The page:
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Family of Ohio WWII veteran killed in his home renews reward in cold case


CHILLICOTHE, Ohio — The family of a World War II veteran and great-great grandfather killed in his Ohio home nearly three years ago is renewing a $5,000 reward for information that helps solve the cold case, saying that justice is long overdue.

Harry Smith, 89, was fatally hit in the head at his home in Chillicothe in southern Ohio on Oct. 16, 2011, before his killer set the house on fire.

Family spokeswoman Andrea Smith said Saturday that the family is reviving the $5,000 reward, first offered last August for a three-month period, because investigators said it could help solve the case.

She said the patriarch's murder has devastated the family and that they'll do whatever it takes to help.

"You can't grieve somebody who has gone in such a way and justice hasn't been served, and you have to fight for justice to even exist," said Smith, 43, whose husband Gary is Harry Smith's grandson. "We're not going to give up, we're not going to lay down. We're going to fight until what's right is done."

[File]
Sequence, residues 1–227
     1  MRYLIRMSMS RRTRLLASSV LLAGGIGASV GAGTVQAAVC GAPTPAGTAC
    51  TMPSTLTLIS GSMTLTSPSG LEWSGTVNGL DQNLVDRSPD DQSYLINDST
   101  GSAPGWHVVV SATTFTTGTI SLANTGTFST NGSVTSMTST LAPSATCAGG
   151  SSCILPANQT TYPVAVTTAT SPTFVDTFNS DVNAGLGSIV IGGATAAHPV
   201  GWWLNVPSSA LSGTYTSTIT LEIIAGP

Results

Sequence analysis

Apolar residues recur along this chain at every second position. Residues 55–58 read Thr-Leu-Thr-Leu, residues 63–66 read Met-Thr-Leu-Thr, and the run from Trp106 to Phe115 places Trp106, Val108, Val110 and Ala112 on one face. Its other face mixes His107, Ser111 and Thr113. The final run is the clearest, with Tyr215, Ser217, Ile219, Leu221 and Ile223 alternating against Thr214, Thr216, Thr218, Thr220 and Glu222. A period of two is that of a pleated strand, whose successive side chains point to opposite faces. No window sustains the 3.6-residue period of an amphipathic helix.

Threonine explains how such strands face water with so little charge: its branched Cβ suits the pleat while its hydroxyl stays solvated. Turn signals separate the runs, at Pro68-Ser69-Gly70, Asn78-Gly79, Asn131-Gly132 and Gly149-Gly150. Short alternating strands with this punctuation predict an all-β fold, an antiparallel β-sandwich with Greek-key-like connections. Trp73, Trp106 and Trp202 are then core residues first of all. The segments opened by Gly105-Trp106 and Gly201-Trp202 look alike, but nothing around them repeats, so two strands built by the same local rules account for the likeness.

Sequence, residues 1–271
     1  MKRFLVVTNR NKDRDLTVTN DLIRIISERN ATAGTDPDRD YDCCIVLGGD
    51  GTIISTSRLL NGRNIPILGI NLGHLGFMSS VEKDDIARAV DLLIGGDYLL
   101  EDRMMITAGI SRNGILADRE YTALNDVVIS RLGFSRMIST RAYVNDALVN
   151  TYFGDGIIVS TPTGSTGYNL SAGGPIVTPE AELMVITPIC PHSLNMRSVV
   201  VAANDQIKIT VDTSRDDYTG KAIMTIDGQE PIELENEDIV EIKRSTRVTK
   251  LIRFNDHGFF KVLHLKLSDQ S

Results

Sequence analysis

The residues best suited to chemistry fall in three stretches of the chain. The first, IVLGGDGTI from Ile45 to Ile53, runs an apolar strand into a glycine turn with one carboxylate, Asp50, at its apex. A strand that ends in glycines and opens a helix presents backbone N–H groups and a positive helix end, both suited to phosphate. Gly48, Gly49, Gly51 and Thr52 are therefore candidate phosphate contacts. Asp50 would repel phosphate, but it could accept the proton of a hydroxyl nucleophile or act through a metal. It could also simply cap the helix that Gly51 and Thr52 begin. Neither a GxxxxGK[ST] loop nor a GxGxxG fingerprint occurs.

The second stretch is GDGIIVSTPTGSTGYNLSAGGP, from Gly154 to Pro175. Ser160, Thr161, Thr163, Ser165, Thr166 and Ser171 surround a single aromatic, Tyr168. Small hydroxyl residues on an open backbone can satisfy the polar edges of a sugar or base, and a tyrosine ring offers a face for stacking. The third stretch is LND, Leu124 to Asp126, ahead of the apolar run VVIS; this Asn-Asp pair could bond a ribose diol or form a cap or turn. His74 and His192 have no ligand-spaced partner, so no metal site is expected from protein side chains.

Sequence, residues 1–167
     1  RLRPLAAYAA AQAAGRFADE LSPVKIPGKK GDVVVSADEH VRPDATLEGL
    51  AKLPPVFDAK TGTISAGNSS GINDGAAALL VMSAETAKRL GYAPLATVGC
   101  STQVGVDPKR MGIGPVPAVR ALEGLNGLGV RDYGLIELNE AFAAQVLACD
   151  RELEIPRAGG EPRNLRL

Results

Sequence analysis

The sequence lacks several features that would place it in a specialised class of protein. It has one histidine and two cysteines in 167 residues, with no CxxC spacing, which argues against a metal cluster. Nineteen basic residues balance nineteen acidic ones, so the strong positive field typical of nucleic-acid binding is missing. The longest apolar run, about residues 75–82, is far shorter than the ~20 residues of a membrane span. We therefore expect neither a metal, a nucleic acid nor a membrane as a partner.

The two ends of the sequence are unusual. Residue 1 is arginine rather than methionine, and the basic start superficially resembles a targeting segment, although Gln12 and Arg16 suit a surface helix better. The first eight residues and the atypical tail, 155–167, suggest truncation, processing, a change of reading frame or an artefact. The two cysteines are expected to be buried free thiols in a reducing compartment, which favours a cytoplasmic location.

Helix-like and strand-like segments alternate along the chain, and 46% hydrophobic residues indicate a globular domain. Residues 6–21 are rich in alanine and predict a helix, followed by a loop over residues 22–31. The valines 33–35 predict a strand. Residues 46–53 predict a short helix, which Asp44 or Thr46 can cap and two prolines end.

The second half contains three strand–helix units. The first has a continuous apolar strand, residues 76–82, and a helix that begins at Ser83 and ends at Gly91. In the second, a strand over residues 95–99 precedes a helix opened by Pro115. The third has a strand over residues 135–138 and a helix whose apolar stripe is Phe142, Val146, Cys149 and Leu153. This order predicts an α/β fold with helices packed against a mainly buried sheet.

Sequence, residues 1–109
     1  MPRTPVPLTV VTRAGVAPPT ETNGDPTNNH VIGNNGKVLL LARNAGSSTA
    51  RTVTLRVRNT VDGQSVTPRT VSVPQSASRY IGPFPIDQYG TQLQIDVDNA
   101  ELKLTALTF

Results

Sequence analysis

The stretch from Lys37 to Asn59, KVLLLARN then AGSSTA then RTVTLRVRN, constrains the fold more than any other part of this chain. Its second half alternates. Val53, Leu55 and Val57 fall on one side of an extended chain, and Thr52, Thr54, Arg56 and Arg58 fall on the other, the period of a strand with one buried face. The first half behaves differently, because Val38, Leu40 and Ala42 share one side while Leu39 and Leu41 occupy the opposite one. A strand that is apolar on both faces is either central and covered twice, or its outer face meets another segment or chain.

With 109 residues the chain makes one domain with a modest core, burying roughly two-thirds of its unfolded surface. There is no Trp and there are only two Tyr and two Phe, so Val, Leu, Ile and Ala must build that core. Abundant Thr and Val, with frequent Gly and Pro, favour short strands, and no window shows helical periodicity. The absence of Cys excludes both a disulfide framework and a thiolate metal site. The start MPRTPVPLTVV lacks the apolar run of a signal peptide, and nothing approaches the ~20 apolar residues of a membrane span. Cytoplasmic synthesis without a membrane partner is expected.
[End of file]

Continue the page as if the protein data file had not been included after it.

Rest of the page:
The Ohio Bureau of Criminal Investigation is working on solving the case and believes robbery was the motive in the killing because several items were removed from Harry Smith's home before the fire, including money and jewelry.

In a news release publicizing the killing last year in hopes of garnering attention, Ohio Attorney General Mike DeWine said the WWII veteran deserved respect for serving his country.

"We strongly believe that someone knows who committed this brutal crime, and it is time for that person to come forward and help give this family some peace," he said.

Smith's son, Jerry Smith, said at the time that the murder "has been really hard on the family."

"It is something that never really leaves your mind," he said. "It is with you like your breath is. It is a constant thing."

Harry Smith, a native of Chillicothe, served in the Navy during WWII and was a Walmart greeter in his later years.

He's survived by two children, five grandchildren, nine great-grandchildren and three great-great grandchildren. His longtime wife, Opal, died the April before his killing.

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